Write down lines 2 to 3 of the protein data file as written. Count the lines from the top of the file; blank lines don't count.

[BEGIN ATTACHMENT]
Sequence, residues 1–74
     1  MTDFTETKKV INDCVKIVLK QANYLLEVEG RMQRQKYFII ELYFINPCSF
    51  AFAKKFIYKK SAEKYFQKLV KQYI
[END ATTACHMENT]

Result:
     1  MTDFTETKKV INDCVKIVLK QANYLLEVEG RMQRQKYFII ELYFINPCSF
    51  AFAKKFIYKK SAEKYFQKLV KQYI